u can wear what you want 2, it doesn't matter...
this brings me to my next/central point, which isn't, surprisingly, that jill scott writes really bad poetry. see, i understand the desire to be multi-faceted, multi-talented. shit. some essentialists would suggest that it's in our blood. the nigga benjamin banneker was a clockmaker, mathematician, astronomer, and some other stuff. but let's be real, here. just because you sang a bar or two in a song that went number one doesn't mean you're good at it. i had a hole in one at putt-putt once. i did not try to sign up for the lpga. i understand my limitations. and niggas out there need to, too.
yet i understand the temptation of believing your own hype. the public continues to eat this shit up like it's good or something. ashanti will continue to provide us with deeply moving stanzas if niggas keep buying her book. take myspace, por ejemplo. i've never seen more masturbation over modicums of mediocrity (check that alliteration, playa) in my wholeentirelife: oh, [insert random myspace screenname here], your blog really touched me/spoke to me/said exactly what i wish i could say. say word? nigga, please. it takes more than a season of def poetry jam and a visit to thesaurus.com to cop eloquence. get over yourself, nigga. that shit wasn't profound. (well, if it was profound anything it was profoundly uninteresting and wack.) your black ass works at the post office for a reason. oh my how i digress.
there's a point in the alleged hateration: we can do better. we can expect better. so why don't we? then, maybe our brains would stop rotting, and we could recognize, cultivate, and support folk who provide incredible art. i know i'm making a value judgement here. but it seems like no one else is, so why not me?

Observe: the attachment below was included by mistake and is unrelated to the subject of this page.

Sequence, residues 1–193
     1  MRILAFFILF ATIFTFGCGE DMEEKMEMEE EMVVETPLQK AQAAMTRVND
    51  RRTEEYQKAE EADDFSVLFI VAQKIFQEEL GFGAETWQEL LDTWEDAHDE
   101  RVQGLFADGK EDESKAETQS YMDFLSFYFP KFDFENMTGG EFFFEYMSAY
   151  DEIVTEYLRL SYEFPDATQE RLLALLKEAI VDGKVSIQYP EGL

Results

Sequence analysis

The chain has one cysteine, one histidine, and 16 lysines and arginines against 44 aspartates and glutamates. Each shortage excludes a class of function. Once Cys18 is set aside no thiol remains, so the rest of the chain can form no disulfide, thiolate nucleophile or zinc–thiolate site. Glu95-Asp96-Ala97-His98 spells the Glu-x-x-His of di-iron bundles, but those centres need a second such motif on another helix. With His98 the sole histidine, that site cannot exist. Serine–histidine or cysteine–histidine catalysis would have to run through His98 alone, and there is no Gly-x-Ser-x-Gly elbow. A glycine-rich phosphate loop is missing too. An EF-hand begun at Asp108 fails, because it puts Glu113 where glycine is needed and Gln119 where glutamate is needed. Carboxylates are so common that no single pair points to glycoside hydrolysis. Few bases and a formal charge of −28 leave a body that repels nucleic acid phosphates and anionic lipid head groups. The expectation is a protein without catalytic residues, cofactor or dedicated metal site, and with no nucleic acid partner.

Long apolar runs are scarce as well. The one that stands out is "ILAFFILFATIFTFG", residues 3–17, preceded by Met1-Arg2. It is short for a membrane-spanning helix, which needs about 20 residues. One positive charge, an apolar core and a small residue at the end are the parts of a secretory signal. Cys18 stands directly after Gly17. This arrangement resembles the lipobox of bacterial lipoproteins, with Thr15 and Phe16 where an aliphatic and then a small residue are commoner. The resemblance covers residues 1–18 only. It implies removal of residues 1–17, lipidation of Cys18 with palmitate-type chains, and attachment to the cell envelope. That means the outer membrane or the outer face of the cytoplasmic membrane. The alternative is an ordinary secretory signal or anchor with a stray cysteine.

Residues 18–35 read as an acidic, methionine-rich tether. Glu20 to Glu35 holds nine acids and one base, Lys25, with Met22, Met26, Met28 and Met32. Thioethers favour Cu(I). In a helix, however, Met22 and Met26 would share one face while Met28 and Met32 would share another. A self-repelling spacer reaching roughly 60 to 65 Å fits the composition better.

u could cut off all your hair, it doesn't matter...
i'm merely perplexed by the idol worship that compels these niggas to proffer to the public such wackness in a variety of forms. it's not enough that alicia keys suggest that black couples love like ike and tina; she wants to provide that shit in poetic form, too. and each time her book is sold, we're advocating that bullshit. please understand: i fully support self-expression, and i'm not saying that people should just stick to what they're good at and/or what they know. hell, i really suck at bowling, but i think it's loads of fun, so i play an occasional game. i just can't get down with adulation that inspires hubris and (more) second-rate artistic output, while we continue to ignore or claim that we just "can't get into" people who have really honed and paid respect to the craft that chose them. the less than average dissonance of the former has deafened us to the point that we can't even hear the latter. and that's pretty sad.
call me a hater, whatever. i'ma muhfuckin' tastemaker--albeit my own. keep nibbling on chips ahoy for dessert. i'ma get into this baked alaska.
perhaps this is all an aesthetic i've yet learned to appreciate.
whatever, man. them niggas is wack. (ebonics intended.)
it's time 4 a new direction, it's time for jazz 2 die. 4th day of november, we need a purple high...
language alone protects us from the scariness of things with no names. language alone is meditation. ~toni morrison